A054377


Primary pseudoperfect numbers: numbers n > 1 such that 1/n + sum 1/p = 1, where the sum is over the primes p  n.


26




OFFSET

1,1


COMMENTS

Primary pseudoperfect numbers are the solutions of the "differential equation" n' = n1, where n' is the arithmetic derivative of n.  Paolo P. Lava, Nov 16 2009
Same as n > 1 such that 1 + sum n/p = n (and the only known numbers n > 1 satisfying the weaker condition that 1 + sum n/p is divisible by n). Hence a(n) is squarefree, and is pseudoperfect if n > 1. Remarkably, a(n) has exactly n (distinct) prime factors for n < 9.  Jonathan Sondow, Apr 21 2013
From the Wikipedia article: it is unknown whether there are infinitely many primary pseudoperfect numbers, or whether there are any odd primary pseudoperfect numbers.  Daniel Forgues, May 27 2013
Since the arithmetic derivative of a prime p is p' = 1, 2 is obviously the only prime in the sequence.  Daniel Forgues, May 29 2013
Just as 1 is not a prime number, 1 is also not a primary pseudoperfect number, according to the original definition by Butske, Jaje, and Mayernik, as well as Wikipedia and MathWorld.  Jonathan Sondow, Dec 01 2013
Is it always true that if a primary pseudoperfect number N > 2 is adjacent to a prime N1 or N+1, then in fact N lies between twin primes N1, N+1? See A235139.  Jonathan Sondow, Jan 05 2014
Same as n > 1 such that A069359(n) = n  1.  Jonathan Sondow, Apr 16 2014


REFERENCES

J. Sondow and K. MacMillan, Primary pseudoperfect numbers, arithmetic progressions, and the ErdosMoser equation, Amer. Math. Monthly, 124 (2017)232240.


LINKS

Table of n, a(n) for n=1..8.
Max Alekseyev, J. M. Grau, A. OllerMarcen, On the congruence 1^n+2^n+...+n^n == p (mod n), arXiv preprint arXiv:1602.02407 [math.NT], 2016.
W. Butske, L. M. Jaje, and D. R. Mayernik, On the Equation Sum_{pN} 1/p + 1/N = 1, Pseudoperfect numbers and partially weighted graphs, Math. Comput., 69 (1999), 407420. [Title corrected by Jonathan Sondow, Apr 11 2012]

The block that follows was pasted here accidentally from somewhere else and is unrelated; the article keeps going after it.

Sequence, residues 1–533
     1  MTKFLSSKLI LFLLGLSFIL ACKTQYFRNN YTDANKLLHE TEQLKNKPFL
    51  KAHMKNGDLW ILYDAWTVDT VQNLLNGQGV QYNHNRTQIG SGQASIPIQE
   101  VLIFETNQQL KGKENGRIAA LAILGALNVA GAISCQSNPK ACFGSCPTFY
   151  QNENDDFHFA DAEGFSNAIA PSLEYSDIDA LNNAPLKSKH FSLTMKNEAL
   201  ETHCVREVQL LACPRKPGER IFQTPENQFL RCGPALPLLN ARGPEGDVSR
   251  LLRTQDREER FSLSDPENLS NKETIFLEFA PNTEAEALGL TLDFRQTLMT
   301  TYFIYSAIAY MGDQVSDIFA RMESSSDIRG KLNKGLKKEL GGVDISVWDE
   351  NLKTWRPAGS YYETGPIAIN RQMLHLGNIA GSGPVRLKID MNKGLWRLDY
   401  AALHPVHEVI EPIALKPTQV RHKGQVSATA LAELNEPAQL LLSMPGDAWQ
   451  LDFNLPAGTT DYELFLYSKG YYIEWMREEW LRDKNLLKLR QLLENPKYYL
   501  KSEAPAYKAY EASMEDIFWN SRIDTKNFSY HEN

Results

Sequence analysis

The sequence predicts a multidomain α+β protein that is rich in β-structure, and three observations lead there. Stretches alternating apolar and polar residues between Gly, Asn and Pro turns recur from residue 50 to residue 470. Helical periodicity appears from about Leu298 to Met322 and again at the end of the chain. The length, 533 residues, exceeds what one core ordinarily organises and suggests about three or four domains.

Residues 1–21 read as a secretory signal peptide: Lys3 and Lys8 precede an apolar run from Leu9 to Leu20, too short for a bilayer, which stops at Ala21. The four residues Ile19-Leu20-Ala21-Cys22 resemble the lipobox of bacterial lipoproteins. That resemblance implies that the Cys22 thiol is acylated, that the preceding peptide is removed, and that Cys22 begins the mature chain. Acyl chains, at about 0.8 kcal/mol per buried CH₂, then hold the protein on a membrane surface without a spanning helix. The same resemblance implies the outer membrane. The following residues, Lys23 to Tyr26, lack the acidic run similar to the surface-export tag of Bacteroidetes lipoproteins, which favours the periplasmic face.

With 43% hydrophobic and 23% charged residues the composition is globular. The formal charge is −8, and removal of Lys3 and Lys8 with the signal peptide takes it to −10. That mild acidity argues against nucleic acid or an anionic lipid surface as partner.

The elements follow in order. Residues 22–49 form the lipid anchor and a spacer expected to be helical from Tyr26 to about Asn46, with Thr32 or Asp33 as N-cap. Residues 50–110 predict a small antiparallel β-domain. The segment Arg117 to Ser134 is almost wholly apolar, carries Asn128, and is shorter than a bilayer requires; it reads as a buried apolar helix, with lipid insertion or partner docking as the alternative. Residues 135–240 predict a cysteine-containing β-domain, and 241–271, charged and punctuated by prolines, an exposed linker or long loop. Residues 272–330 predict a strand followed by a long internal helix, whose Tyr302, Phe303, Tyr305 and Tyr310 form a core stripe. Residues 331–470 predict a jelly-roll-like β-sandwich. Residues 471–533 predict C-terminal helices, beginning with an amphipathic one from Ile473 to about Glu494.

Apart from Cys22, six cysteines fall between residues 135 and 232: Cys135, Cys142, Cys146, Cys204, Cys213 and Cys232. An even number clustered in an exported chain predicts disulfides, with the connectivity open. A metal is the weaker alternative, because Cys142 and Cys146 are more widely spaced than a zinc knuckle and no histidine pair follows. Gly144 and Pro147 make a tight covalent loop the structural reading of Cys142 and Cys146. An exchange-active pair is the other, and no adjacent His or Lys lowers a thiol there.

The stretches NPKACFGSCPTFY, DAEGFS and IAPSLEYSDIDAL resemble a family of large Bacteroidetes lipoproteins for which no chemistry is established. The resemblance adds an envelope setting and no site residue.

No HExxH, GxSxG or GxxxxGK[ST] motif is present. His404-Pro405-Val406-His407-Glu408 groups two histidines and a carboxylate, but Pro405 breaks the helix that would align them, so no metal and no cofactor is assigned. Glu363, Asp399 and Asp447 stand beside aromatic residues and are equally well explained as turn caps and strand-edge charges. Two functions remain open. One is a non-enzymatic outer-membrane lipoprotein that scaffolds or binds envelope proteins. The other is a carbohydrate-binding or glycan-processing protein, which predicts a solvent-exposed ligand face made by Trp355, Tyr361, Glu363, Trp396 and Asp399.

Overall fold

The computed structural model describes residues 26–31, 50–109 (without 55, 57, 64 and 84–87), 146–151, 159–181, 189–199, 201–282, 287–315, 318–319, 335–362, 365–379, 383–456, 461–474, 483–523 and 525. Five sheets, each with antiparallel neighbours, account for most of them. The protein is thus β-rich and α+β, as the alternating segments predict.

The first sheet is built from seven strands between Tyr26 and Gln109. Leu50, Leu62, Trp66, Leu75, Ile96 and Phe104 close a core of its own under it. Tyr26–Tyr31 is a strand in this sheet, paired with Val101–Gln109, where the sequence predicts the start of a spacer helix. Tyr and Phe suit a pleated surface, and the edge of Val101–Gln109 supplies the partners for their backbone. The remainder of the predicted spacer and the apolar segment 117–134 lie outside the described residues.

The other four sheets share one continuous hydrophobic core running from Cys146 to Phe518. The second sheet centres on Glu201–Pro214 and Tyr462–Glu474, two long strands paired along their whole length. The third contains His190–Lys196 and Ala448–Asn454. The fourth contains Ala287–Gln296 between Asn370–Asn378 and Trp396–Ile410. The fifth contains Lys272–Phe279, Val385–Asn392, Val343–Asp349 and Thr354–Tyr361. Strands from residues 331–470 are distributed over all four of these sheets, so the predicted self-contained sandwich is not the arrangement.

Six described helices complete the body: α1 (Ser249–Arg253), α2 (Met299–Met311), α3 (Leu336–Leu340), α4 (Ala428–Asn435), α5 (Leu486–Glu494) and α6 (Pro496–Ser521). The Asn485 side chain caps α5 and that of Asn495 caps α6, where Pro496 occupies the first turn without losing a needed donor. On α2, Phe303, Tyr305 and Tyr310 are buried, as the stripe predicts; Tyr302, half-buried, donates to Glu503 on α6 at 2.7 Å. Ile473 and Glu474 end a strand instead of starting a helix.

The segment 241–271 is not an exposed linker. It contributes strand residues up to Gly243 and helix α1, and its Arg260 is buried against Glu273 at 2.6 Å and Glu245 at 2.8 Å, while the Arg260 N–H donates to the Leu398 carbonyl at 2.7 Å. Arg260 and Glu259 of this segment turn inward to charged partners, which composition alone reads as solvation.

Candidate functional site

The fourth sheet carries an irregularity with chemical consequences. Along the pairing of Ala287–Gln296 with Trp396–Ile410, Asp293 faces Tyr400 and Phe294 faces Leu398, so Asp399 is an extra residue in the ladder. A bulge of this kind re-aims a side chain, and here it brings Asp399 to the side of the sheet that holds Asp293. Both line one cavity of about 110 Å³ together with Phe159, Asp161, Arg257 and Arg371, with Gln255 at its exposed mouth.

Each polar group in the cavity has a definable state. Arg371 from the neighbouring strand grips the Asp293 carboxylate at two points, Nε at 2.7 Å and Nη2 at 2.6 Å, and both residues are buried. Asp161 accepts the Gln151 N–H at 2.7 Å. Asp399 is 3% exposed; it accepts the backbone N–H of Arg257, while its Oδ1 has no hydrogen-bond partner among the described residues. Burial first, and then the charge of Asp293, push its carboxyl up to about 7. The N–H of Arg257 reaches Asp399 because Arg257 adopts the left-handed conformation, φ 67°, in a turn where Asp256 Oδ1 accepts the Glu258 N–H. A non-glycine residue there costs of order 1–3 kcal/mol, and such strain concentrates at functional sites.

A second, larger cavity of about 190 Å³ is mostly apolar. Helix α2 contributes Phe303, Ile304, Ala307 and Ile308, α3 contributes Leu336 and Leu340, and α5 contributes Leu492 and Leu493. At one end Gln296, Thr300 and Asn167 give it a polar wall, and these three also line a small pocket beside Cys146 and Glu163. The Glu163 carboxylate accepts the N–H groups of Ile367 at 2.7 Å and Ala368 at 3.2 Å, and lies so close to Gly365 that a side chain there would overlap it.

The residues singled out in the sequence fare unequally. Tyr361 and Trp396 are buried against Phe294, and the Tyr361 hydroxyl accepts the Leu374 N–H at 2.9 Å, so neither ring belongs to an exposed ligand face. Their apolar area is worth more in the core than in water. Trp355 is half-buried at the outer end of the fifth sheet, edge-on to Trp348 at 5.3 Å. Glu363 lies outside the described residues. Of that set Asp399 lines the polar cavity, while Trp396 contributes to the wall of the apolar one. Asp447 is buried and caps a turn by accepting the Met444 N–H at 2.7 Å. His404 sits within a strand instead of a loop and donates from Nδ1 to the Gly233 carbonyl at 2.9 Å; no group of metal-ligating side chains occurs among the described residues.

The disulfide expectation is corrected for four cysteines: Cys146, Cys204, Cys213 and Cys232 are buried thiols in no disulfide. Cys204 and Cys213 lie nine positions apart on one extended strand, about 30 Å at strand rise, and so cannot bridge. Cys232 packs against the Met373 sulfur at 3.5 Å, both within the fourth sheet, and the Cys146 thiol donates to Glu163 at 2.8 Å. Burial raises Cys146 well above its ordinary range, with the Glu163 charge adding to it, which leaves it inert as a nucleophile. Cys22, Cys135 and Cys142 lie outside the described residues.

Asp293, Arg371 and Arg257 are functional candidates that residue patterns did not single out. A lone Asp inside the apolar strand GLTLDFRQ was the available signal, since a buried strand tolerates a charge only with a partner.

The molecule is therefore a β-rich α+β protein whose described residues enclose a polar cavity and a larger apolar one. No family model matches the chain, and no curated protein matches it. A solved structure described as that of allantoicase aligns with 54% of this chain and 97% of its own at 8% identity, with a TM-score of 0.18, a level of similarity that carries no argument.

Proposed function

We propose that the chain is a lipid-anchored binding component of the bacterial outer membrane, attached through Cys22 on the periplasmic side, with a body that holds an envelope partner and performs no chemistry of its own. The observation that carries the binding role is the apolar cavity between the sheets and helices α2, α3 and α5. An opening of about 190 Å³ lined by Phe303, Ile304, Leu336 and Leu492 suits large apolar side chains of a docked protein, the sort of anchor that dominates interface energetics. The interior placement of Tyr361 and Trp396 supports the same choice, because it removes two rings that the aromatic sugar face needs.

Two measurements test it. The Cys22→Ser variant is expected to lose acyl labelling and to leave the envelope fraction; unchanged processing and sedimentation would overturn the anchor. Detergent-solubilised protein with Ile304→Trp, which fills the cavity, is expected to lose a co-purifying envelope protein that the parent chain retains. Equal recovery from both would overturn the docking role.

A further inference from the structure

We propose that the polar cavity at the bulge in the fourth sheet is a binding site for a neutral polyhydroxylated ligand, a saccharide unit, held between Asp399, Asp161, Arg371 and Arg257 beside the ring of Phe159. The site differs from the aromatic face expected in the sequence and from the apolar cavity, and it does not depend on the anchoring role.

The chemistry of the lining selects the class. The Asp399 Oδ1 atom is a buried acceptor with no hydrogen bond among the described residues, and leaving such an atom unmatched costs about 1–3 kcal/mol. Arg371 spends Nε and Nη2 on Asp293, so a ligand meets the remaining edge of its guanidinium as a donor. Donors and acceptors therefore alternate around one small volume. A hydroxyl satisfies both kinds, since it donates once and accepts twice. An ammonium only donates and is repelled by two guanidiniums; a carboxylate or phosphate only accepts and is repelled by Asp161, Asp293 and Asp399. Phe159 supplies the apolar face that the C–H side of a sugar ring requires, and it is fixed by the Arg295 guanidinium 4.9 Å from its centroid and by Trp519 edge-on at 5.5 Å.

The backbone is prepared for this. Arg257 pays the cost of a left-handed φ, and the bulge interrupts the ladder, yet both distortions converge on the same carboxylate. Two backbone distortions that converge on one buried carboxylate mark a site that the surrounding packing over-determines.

J. M. Grau, A. M. OllerMarcen, and J. Sondow, On the congruence 1^m + 2^m + ... + m^m == n (mod m) with nm, arXiv:1309.7941 [math.NT], 2013.
J. Sondow and K. MacMillan, Reducing the ErdosMoser equation 1^n + 2^n + . . . + k^n = (k+1)^n modulo k and k^2, Integers 11 (2011), #A34.
J. Sondow and K. MacMillan, Primary pseudoperfect numbers, arithmetic progressions, and the ErdosMoser equation, Amer. Math. Monthly, 124 (2017)232240.
J. Sondow and E. Tsukerman, The padic order of power sums, the ErdosMoser equation, and Bernoulli numbers, arXiv:1401.0322 [math.NT], 2014; see section 4.
Eric Weisstein's World of Mathematics, Primary pseudoperfect number.
Wikipedia, Primary pseudoperfect number.
OEIS Wiki, Primary pseudoperfect numbers.


FORMULA

A031971(a(n)) (mod a(n)) = A233045(n).  Jonathan Sondow, Dec 11 2013
A069359(a(n)) = a(n)  1.  Jonathan Sondow, Apr 16 2014
a(n) == 36*(n2) + 6 (mod 288) for n = 2,3,..,8.  Kieren MacMillan and Jonathan Sondow, Sep 20 2017


EXAMPLE

From Daniel Forgues, May 24 2013: (Start)
With a(1) = 2, we have 1/2 + 1/2 = (1 + 1)/2 = 1;
with a(2) = 6 = 2 * 3, we have
1/2 + 1/3 + 1/6 = (3 + 2 + 1)/6 = (1*3 + 3)/(2*3) = (1 + 1)/2 = 1;
with a(3) = 42 = 6 * 7, we have
1/2 + 1/3 + 1/7 + 1/42 = (21 + 14 + 6 + 1)/42 =
(3*7 + 2*7 + 7)/(6*7) = (3 + 2 + 1)/6 = 1;
with a(4) = 1806 = 42 * 43, we have
1/2 + 1/3 + 1/7 + 1/43 + 1/1806 = (903 + 602 + 258 + 42 + 1)/1806 =
(21*43 + 14*43 + 6*43 + 43)/(42*43) = (21 + 14 + 6 + 1)/42 = 1;
with a(5) = 47058 (not oblong number), we have
1/2 + 1/3 + 1/11 + 1/23 + 1/31 + 1/47058 =
(23529 + 15686 + 4278 + 2046 + 1518 + 1)/47058 = 1.
For n = 1 to 8, a(n) has n prime factors:
a(1) = 2
a(2) = 2 * 3
a(3) = 2 * 3 * 7
a(4) = 2 * 3 * 7 * 43
a(5) = 2 * 3 * 11 * 23 * 31
a(6) = 2 * 3 * 11 * 23 * 31 * 47059
a(7) = 2 * 3 * 11 * 17 * 101 * 149 * 3109
a(8) = 2 * 3 * 11 * 23 * 31 * 47059 * 2217342227 * 1729101023519
If a(n)+1 is prime, then a(n)*[a(n)+1] is also primary pseudoperfect. We have the chains: a(1) > a(2) > a(3) > a(4); a(5) > a(6). (End)
A primary pseudoperfect number (greater than 2) is oblong if and only if it is not the initial member of a chain.  Daniel Forgues, May 29 2013
If a(n)1 is prime, then a(n)*(a(n)1) is a Giuga number (A007850). This occurs for a(2), a(3), and a(5). See A235139 and the link "The padic order . . .", Theorem 8 and Example 1.  Jonathan Sondow, Jan 06 2014


PROG

(Python)
from sympy import primefactors
A054377 = [n for n in range(2, 10**5) if sum([n/p for p in primefactors(n)]) +1 == n] # Chai Wah Wu, Aug 20 2014


CROSSREFS

Cf. A005835, A007850, A069359, A168036, A190272, A191975, A203618, A216825, A216826, A230311, A235137, A235138, A235139, A236433.
Sequence in context: A115961 A123137 A014117 * A230311 A276416 A007018
Adjacent sequences: A054374 A054375 A054376 * A054378 A054379 A054380


KEYWORD

nonn,more,hard,changed


AUTHOR

Eric W. Weisstein


STATUS

approved